Shirley K. ROGERS, Plaintiff-Appellant, v. WAL-MART STORES, INC., Defendant-Appellee.
This case arises out of injuries suffered by Shirley K. Rogers when she tripped and fell on a wooden pallet located in the aisle of a Wal-Mart store in Memphis, Tennessee. Rogers contends that employees of Wal-Mart acted negligently in leaving the pallet in a shopping area.
On October 17, 1997, Rogers filed a complaint in Tennessee state court asserting her negligence claims and seeking approximately $950,000 in damages. On November 18, 1997, Wal-Mart answered and removed to the United States District Court for the Western District of Tennessee on the grounds of complete diversity among the parties and an amount in controversy exceeding $75,000. On October 9, 1998, the parties stipulated to dismissal, and on October 14, 1998, the district court entered an order dismissing the case without prejudice.
On February 4, 1999, Rogers filed a new complaint in Tennessee state court. The second complaint, arising out of the same occurrence, specified that Rogers sought to recover an amount “not exceeding $75,000.” Wal-Mart filed another notice of removal based on answers to interrogatories in the first case in which Rogers estimated her damages at $447,000. Rogers filed a motion to remand on May 14, 1999, asserting that the amount-in-controversy requirement for diversity jurisdiction had not been met. Along with her motion to remand, Rogers submitted an affidavit stating that she “had no intention of seeking additional damages against Wal-Mart Stores, Inc.” and that she had “instructed [her] attorney to stipulate that [her] demand for damages will not exceed $75,000 at any time in the future.” Rogers also attached a stipulation admitting that her total damages did not exceed $75,000 and stating that she would not seek leave of court to amend her complaint for additional damages. Meanwhile, Wal-Mart moved the district court, pursuant to Fed.R.Civ.P. 41(d), to award costs and fees for the previously dismissed action.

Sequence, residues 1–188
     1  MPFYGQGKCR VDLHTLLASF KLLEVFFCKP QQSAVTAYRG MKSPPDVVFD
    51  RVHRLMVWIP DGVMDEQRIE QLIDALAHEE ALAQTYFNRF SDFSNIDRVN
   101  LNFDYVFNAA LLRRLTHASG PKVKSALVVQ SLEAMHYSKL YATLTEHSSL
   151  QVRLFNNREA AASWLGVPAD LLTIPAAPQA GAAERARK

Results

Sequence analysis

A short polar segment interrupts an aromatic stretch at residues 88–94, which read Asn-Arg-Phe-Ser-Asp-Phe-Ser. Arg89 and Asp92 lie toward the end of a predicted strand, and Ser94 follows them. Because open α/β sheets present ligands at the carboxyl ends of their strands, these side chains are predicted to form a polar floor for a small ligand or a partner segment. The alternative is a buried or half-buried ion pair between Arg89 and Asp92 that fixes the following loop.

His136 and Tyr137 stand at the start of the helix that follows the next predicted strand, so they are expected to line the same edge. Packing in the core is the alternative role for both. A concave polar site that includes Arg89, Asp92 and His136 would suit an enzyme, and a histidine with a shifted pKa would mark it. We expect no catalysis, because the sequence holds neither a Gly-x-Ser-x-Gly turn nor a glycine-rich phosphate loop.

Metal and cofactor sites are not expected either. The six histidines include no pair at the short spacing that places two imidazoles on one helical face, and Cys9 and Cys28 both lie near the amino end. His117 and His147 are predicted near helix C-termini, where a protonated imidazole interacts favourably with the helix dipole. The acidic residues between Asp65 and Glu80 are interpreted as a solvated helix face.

The district court denied Rogers' motion to remand on June 23, 1999. On the same day, the district court granted Wal-Mart's Rule 41(d) motion and ordered Rogers to pay costs and attorney fees from the original action representing work that would not benefit Wal-Mart in the second action. The district court also stayed the proceedings and gave Rogers fourteen days to pay Wal-Mart the costs and fees. On September 2, 1999, the district court dismissed the case without prejudice due to Rogers' non-payment of Wal-Mart's costs and fees from the first action.
Rogers has appealed the district court's June 23, 1999 Order denying her motion to remand; its Order of June 23, 1999 granting costs under Fed.R.Civ.P. 41(d); and its Order and Judgment entered on September 2, 1999 dismissing the case without prejudice with costs taxed to the plaintiff.
We review de novo the existence of subject matter jurisdiction as a question of law; factual determinations regarding jurisdictional issues are reviewed for clear error. See Gafford v. General Elec. Co., 997 F.2d 150, 155 (6th Cir.1993). We also review de novo the denial of a motion to remand. See Ahearn v. Charter Twp. of Bloomfield, 100 F.3d 451, 453 (6th Cir.1996).
Generally, a civil case brought in a state court may be removed by a defendant to federal court if it could have been brought there originally. 28 U.S.C. § 1441(a). A federal district court has original “diversity” jurisdiction where the suit is between citizens of different states and the amount in controversy exceeds $75,000, exclusive of costs and interest. 28 U.S.C. 1332(a). A defendant removing a case has the burden of proving the diversity jurisdiction requirements. See Wilson v. Republic Iron & Steel Co., 257 U.S. 92, 97, 42 S.Ct. 35, 66 L.Ed. 144 (1921).
A problem arises where, as here, a plaintiff alleges an amount in controversy below the jurisdictional amount. Generally, because the plaintiff is “master of the claim,” a claim specifically less than the federal requirement should preclude removal. See Gafford v. General Elec. Co., 997 F.2d 150, 157 (6th Cir.1993). State counterparts to Fed.R.Civ.P. 54(c) might enable a plaintiff to claim in her complaint an amount lower than the federal amount in controversy but nevertheless seek and recover damages exceeding the amount prayed for. Id. Tennessee has one such rule. Its Civil Procedure Rule 54.03 provides that, except in the case of default, “every final judgment shall grant relief to which the party in whose favor it is rendered is entitled, even if the party has not demanded such relief in the party's pleadings.” In such situations, the removing defendant must show that it is “more likely than not” that the plaintiff's claims meet the amount in controversy requirement. Gafford, 997 F.2d at 158.